During the day, we could go to our tent without an escort, but at night, one of the guides accompanied us. Once there, we were stuck. There was no phone, and we couldn’t leave. Well, we could, if we wanted to risk becoming lion food. We had an air horn, however, in case of an emergency (two blasts for a medical issue, one for an animal).

One night, we heard loud crunching and splashing noises from outside, so we turned off all our lights, thinking we might spot a pod of hippos. Our tent was right along the Gomoti River. Much to our disappointment, we couldn’t see anything. However, our tent no longer had water, but we didn’t think it warranted the use of the air horn.

The next morning we learned a herd of elephants had crossed through the camp and stomped on the water pipes. Such was life in the bush.

My favorite ritual of the trip was during the evening game drive. After two hours, we stopped for a “sundowner.” The guide unpacked drinks and snacks to consume as we watched the sunset over the Okavango Delta. It was lovely and peaceful. In fact, the quiet was one of the highlights.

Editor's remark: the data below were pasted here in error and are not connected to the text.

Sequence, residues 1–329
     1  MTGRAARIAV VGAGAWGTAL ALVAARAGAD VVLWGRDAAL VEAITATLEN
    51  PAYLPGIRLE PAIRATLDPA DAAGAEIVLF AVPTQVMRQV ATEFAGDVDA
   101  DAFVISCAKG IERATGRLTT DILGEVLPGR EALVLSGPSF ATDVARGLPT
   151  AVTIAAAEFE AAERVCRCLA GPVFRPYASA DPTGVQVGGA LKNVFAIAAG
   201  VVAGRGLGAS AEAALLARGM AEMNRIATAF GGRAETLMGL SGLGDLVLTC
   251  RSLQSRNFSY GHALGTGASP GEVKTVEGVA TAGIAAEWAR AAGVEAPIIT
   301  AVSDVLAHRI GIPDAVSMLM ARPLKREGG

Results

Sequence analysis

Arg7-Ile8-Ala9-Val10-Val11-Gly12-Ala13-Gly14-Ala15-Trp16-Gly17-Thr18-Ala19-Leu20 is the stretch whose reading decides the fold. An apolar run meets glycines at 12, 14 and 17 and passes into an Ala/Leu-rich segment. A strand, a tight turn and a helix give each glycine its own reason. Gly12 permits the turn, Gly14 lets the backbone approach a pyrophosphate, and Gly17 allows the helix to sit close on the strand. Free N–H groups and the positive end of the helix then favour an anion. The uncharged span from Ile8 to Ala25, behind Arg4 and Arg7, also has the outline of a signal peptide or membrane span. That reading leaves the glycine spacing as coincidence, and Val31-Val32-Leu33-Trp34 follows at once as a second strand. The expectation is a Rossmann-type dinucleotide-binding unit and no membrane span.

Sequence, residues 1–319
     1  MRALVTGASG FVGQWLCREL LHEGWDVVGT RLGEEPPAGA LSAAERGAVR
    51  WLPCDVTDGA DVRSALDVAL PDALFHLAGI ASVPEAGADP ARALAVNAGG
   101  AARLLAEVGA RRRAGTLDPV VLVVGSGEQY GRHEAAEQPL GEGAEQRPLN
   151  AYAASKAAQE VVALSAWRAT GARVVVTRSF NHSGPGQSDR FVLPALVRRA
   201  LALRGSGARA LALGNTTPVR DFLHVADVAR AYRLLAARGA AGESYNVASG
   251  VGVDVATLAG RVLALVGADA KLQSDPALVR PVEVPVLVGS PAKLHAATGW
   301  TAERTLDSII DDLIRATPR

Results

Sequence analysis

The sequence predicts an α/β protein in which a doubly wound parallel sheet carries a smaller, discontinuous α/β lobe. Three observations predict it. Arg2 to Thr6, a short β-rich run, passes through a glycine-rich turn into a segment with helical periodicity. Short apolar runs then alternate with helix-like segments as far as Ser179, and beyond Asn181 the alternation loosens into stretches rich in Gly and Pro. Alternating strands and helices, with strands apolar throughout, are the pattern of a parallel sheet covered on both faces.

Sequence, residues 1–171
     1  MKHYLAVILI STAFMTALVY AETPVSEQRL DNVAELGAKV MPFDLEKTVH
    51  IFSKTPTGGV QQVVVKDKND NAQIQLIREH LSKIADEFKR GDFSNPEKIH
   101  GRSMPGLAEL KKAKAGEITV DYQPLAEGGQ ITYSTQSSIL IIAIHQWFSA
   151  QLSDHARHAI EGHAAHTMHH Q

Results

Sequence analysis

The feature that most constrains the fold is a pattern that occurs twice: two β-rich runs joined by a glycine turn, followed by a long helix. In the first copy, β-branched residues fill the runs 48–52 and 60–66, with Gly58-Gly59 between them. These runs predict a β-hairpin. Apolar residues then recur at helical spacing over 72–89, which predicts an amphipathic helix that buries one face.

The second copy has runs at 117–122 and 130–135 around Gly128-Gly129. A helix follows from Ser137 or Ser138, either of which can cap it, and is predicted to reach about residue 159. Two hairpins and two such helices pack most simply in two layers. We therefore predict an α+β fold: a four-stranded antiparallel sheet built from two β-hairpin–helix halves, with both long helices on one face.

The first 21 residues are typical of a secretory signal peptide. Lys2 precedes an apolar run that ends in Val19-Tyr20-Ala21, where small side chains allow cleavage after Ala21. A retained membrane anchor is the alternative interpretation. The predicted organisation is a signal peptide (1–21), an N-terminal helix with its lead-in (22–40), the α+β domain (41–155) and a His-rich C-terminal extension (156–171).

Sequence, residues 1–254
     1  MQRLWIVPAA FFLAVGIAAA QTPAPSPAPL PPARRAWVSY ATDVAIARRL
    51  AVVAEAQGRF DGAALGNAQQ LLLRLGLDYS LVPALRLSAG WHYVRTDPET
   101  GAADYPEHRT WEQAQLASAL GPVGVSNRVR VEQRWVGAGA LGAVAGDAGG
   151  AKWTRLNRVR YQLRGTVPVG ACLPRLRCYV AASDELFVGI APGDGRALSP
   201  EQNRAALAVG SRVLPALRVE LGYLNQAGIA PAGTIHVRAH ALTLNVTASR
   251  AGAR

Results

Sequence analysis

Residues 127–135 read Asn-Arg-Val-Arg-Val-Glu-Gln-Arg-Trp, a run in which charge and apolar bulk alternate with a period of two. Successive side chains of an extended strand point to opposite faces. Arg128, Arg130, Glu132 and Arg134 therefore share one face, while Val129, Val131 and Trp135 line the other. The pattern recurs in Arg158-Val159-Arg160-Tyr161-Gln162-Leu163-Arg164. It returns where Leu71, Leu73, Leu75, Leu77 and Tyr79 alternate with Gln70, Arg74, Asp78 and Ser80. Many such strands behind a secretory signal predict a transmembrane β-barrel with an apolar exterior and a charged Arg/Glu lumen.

There were plenty of animal sounds, like trumpeting elephants and the low rumble/grunt from the lions who marked their territory with the sound. But no traffic noise, cellphones, and wailing sirens.

Lions on our path.

After the evening drive, dinner was served under the stars. I’ve never seen so many stars in my life. The sky contained more white than black, as there was no air or light pollution to block the starlight. 

By the end of our trip, we spotted the big five, along with hundreds of other animals and birds. It was a fantastic experience and worth the 18 hours of flights. In fact, I would return to Botswana at lion speed.


Some helpful websites:

Okavango Delta: www.okavangodelta.com

Zicasso: www.zicasso.com

Intrepid Expeditions: https://intrepidexpeditions.com

Conde Nast Traveler: www.cntraveler.com/story/how-to-plan-your-first-safari-in-botswana

Must-read book!

Whatever You Do, Don’t Run: True Tales of a Botswana Safari Guide, by Peter Allison.